Sigma DP1x – A Pocket Imaging Marvel?

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Sigma DP1x

I recently came across this camera for an extremely affordable price and decided, based on its almost cult status being capable of capturing superb images, to snap it up (sorry for the pun).

I was interested in discovering if it produced the kind of world class images it was purported to be capable of and also whether the frustrating elements of the camera – slow to operate, slow write times, slow autofocus and write to card, poor high iso performance, average build – were accurate.

To cut to the chase I can confirm that the images the camera produces really are superb with wonderful colour and sharpness. The 3 layer Foveon sensor – a Google search will provide a ton of information on the technical aspects if this device – is a significant departure from those used by the competition.

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The DP1x captures colours nicely

The comments that it is close to a film camera in the way it resolves colours and more importantly the visual feel are, I feel, accurate. This performance coupled with the super sharp fixed 28mm (equivalent) lens means that its output exceeds that of my Fuji X-E1 and 18-55 lens which is no slouch in these areas.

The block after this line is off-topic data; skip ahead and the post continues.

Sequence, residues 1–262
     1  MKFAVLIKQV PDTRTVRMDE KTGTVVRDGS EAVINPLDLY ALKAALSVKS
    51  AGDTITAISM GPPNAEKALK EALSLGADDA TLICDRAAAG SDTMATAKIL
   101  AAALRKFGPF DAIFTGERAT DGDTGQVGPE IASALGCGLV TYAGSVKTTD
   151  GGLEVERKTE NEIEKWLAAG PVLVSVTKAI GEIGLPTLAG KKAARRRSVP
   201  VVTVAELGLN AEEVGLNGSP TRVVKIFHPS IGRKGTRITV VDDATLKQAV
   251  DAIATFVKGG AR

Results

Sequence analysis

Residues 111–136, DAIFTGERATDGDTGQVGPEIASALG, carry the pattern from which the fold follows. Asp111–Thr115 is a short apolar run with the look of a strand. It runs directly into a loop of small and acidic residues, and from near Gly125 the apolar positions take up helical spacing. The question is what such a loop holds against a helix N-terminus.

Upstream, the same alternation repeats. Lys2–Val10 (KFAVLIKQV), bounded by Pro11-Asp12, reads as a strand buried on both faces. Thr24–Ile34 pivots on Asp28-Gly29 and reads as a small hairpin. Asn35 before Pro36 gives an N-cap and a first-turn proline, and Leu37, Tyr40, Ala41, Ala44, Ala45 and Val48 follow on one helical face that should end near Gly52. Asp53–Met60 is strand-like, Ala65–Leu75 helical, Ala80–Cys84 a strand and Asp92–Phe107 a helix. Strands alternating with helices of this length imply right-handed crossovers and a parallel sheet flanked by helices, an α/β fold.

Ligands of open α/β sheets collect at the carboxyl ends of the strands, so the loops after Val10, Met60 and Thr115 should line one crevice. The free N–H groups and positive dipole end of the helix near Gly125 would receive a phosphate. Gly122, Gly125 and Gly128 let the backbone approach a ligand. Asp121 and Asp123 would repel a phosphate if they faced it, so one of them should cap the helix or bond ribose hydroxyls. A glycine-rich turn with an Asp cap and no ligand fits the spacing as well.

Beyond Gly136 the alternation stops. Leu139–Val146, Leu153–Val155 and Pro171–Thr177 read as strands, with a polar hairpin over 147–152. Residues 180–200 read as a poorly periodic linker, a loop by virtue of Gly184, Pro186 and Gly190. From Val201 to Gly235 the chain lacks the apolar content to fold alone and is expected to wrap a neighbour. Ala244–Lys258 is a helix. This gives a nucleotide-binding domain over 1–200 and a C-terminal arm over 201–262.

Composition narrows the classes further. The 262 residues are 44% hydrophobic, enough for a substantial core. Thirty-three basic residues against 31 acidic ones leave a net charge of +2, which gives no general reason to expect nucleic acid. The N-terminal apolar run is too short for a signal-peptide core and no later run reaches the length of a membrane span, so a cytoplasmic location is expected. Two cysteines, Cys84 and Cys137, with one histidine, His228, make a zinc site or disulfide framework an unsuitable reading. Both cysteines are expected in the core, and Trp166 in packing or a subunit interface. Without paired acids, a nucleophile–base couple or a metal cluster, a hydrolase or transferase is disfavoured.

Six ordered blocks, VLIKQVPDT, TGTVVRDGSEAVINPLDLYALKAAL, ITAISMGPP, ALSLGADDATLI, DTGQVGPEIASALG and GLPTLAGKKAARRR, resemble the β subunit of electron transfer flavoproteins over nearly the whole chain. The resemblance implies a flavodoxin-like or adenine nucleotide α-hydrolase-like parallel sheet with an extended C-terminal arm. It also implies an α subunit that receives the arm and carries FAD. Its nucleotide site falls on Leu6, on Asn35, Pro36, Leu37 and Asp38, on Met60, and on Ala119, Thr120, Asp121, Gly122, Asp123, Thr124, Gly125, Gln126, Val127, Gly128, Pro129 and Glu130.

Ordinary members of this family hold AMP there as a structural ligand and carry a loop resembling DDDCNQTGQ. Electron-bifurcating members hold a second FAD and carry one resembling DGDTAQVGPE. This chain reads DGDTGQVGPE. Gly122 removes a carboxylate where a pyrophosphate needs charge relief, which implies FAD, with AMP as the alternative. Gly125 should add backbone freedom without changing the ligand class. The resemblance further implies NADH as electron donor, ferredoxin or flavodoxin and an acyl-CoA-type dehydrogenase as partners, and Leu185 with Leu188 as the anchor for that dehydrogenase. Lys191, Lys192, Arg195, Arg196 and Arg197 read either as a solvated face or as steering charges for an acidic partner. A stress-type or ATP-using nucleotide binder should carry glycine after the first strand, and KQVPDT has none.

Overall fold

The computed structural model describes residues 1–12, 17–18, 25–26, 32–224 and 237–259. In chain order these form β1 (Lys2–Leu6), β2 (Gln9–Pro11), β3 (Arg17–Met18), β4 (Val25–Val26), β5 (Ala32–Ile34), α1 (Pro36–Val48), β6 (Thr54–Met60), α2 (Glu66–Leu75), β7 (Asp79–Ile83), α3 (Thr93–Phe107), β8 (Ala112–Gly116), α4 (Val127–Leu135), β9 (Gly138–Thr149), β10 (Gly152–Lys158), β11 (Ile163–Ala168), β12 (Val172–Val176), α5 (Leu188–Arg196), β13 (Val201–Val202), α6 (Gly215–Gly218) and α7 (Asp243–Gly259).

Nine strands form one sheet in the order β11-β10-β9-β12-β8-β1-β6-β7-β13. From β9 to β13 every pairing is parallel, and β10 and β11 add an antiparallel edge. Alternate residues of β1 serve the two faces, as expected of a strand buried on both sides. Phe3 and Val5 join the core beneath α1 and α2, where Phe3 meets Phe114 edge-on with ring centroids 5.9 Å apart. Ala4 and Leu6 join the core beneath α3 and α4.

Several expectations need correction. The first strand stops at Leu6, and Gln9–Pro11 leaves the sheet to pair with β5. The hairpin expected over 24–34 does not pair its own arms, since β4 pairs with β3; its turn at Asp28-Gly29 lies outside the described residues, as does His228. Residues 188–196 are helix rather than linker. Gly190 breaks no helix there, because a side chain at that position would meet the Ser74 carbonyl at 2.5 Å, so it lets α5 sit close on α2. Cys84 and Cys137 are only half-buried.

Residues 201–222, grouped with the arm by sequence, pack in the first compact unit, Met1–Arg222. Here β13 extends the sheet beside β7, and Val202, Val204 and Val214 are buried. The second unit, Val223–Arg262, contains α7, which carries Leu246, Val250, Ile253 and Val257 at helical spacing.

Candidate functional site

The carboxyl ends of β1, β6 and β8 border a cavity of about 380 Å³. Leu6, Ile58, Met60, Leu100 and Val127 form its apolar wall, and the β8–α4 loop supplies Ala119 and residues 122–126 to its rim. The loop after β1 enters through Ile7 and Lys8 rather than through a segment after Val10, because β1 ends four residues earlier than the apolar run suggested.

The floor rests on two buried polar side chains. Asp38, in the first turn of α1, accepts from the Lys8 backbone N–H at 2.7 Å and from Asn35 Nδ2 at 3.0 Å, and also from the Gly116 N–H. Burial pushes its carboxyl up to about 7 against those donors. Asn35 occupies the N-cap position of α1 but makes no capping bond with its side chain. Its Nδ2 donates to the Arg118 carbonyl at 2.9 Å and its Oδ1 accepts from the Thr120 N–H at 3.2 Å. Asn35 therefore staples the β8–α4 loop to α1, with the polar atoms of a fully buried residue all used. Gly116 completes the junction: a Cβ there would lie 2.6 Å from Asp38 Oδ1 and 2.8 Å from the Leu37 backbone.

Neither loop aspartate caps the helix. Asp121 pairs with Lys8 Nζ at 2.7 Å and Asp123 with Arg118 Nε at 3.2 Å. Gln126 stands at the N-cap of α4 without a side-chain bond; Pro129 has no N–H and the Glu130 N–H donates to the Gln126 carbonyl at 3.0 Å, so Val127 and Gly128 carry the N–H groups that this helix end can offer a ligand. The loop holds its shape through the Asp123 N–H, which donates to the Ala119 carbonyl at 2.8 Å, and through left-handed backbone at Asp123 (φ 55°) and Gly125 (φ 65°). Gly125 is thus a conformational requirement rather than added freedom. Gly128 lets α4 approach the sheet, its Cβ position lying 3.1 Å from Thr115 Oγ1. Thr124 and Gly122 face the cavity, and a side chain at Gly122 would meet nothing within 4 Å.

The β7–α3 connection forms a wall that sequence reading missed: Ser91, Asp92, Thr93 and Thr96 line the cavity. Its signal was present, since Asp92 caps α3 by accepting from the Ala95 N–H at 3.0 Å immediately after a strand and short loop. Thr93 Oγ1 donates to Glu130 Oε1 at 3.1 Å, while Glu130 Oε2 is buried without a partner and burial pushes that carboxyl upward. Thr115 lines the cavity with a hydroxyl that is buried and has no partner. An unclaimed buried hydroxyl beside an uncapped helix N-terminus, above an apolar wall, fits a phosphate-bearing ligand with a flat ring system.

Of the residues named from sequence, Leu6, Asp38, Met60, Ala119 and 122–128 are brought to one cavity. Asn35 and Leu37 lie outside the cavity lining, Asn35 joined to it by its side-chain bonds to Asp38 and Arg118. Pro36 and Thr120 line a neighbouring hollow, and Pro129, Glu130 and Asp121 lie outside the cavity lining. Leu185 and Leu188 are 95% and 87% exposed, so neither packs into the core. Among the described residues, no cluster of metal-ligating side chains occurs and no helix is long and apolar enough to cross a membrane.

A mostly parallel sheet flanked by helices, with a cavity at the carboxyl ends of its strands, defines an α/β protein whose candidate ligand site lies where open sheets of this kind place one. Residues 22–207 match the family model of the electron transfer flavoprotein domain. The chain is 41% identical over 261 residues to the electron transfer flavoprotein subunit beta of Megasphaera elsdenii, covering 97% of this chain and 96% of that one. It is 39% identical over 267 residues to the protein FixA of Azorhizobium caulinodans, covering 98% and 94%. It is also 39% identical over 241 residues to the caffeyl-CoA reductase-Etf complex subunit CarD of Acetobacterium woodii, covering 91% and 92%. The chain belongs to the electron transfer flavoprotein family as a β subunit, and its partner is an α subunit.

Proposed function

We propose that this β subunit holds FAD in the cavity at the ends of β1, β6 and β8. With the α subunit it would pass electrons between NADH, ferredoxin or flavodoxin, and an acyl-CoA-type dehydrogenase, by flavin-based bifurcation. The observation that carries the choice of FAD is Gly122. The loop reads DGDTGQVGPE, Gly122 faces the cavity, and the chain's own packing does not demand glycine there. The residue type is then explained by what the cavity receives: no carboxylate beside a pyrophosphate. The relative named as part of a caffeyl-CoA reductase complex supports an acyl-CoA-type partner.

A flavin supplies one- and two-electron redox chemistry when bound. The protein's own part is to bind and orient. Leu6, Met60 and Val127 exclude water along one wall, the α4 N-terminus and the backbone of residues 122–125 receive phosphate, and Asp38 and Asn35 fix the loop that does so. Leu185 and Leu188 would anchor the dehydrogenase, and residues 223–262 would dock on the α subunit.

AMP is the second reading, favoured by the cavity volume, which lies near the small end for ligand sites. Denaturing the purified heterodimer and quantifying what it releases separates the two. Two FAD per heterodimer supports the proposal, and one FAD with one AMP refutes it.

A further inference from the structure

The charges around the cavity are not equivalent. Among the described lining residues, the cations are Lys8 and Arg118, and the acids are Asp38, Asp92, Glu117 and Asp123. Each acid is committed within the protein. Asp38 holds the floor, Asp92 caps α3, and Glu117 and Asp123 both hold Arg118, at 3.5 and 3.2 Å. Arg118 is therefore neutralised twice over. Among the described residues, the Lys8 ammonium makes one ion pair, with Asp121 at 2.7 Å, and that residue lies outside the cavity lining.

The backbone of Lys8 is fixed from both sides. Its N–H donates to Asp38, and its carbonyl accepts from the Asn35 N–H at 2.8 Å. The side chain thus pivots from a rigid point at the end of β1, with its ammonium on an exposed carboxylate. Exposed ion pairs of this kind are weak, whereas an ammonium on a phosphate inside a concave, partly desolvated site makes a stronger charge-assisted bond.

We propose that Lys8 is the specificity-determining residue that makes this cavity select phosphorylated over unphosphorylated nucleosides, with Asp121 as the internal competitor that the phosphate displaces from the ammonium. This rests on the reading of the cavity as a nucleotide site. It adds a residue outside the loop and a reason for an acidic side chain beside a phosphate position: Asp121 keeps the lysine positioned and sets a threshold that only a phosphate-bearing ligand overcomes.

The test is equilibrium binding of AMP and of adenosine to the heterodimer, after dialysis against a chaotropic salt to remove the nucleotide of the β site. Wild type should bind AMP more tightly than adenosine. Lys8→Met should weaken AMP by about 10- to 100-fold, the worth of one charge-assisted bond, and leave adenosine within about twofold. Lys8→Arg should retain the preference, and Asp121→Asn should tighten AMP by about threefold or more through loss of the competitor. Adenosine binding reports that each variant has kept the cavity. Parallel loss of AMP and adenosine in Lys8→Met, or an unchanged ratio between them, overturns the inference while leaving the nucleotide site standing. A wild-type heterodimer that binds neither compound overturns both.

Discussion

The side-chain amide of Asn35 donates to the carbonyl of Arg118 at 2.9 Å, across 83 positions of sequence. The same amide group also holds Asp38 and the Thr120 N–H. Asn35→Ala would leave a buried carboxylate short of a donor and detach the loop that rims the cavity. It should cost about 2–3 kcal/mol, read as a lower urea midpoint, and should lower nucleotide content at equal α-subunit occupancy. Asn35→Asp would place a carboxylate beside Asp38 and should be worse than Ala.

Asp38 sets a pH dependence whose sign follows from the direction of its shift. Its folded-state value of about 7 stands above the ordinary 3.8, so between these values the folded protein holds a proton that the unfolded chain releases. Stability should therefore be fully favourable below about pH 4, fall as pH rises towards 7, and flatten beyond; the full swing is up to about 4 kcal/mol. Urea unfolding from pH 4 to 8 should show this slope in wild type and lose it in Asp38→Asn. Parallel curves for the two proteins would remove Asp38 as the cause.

But there is I am afraid a “however”. There usually is but the caveats to this camera producing  the kind of images that when you get them on your computer screen make you go “wow” are as long as your arm.

Get the camera in the right conditions and you will be amazed. And by right conditions I mean generally outside, on a bright day (without any sun on the screen as the preview fades dramatically in bright light), with low iso (200 or less), on a static subject and ideally with manual focus to get things just so. Oh and a tripod would probably help as there is no inbuilt image stabilisation.

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Nice detail from the fixed lens/sensor combination

As stated previously if you can comply with virtually ALL of the above (maybe forgo the tripod if you can get your shutter speed up) then you will be richly rewarded with images that have a quality I think you would struggle to achieve with anything up to a Canon 5D Mk3. Not print as big as the side of a house quality but up to A3’ish with some tweaking kind of quality (and yes I have owned a 5D Mk3 and I am fully aware of the files it produces).